The No. 1 polluter in the occupied Palestinian territories is the very control Israel exercises over the land and the settlement enterprise. That isn’t a verbatim quote, but that’s the spirit of what Palestinian PM Mohammad Shtayyeh said at the COP26 environmental summit in Glasgow last week.

His presence barely won a mention in the global media, let alone in the Israeli media, further demonstrating how sidelined the Palestinian issue has become on the global agenda. But that doesn’t make the harm to the environment any the less.

Any number of studies and articles about the environmental conditions in the Gaza Strip and the West Bank draw a connection to Israeli policy. These include a detailed UN paper from 2020 ,reports by Palestinian legal organization Al-Haq over the years, and an article published by the pan-Palestinian think-tank Al-Shabaka in 2019 (“Climate Change, the Occupation and a Vulnerable Palestine").

Yet it is difficult to quantify the total contribution to climate warming by the actions of the Israeli government and civilians in those territories conquered in 1967.

The state’s comptroller report on Israel’s failure to curb greenhouse gas emissions doesn’t even mention the territories. Nor does it discuss the UN’s frightening projection made in 2012, that the Gaza Strip would become uninhabitable by 2020 if Israel doesn’t fundamentally change its policy toward this enclave. Almost two years have passed since the “deadline” that the UN gave, and nothing substantial has changed. The UN must have underestimated Gazans’ enormous aptitude for resilience.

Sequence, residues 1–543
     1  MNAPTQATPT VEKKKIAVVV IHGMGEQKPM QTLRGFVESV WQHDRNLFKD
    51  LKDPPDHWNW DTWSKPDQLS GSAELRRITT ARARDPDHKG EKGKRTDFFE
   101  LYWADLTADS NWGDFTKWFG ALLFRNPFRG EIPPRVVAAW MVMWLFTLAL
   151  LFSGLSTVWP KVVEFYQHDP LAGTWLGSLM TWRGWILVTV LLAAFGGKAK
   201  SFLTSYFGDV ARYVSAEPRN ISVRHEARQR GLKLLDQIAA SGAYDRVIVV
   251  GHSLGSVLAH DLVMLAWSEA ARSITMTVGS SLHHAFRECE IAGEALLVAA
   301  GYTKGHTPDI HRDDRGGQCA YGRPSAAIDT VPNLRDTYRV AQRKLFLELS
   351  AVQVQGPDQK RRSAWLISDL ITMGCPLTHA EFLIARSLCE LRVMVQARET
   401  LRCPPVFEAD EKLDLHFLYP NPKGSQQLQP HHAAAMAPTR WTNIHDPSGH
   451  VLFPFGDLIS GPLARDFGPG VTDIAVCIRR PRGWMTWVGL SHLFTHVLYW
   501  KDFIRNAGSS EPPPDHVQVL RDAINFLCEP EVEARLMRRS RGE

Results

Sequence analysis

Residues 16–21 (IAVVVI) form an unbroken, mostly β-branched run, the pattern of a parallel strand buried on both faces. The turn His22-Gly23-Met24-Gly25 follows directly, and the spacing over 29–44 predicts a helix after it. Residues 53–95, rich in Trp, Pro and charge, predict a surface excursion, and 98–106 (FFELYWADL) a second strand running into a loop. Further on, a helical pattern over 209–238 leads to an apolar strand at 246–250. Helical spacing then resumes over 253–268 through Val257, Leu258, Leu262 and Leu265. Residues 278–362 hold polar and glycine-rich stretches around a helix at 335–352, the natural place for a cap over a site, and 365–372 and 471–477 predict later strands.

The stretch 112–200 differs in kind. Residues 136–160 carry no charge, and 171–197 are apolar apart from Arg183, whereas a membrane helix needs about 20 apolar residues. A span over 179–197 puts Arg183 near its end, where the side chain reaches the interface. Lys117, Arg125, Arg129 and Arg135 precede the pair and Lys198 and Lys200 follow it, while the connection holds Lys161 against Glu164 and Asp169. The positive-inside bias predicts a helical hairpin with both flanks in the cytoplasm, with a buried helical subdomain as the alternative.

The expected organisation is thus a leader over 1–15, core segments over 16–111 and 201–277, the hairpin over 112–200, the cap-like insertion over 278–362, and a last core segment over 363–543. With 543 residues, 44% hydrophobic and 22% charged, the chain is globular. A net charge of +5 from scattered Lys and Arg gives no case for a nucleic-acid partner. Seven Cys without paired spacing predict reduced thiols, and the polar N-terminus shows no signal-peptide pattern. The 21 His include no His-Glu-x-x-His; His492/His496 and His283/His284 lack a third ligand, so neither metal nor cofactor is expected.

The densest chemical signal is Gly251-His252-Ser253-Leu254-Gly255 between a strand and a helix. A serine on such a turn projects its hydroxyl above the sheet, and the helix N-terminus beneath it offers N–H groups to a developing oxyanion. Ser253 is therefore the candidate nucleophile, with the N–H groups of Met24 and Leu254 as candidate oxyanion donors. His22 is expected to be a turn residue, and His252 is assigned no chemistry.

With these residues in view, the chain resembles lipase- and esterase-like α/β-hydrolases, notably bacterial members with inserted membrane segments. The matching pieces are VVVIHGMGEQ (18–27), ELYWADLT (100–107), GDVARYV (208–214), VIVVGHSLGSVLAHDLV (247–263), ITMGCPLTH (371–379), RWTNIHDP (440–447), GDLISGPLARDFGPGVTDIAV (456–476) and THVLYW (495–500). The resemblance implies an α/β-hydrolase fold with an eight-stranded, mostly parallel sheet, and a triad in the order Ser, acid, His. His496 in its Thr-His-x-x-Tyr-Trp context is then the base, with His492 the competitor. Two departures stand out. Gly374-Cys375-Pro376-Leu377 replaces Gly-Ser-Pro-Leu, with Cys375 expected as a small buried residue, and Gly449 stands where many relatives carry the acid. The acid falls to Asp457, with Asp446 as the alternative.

Yet a key sentence in the Comptroller’s report sheds light on Israeli obliviousness of the occupation’s contribution to local and global pollution. It reads: “In a situation of conflict or potential of conflict between the main objectives of government ministries and the goal of reducing greenhouse gas emissions, the ministries prioritize the promotion of goals at the core of their ministerial purview over emission reduction – save at the Environmental Protection Ministry…”

As reflected in stated and implemented policy, the goals of Israeli governments – including the current one – are to expand the settlements, to entice more Israeli and diaspora Jews to settle in the West Bank, to ensure to maintain total control over some 60 percent of the West Bank (“Area C”), to perpetuate the split between the Gaza Strip and the West Bank, to keep the Palestinian and Jewish populations separate, and to accustom the world to the reality of separate, disconnected Palestinian enclaves as a “solution.”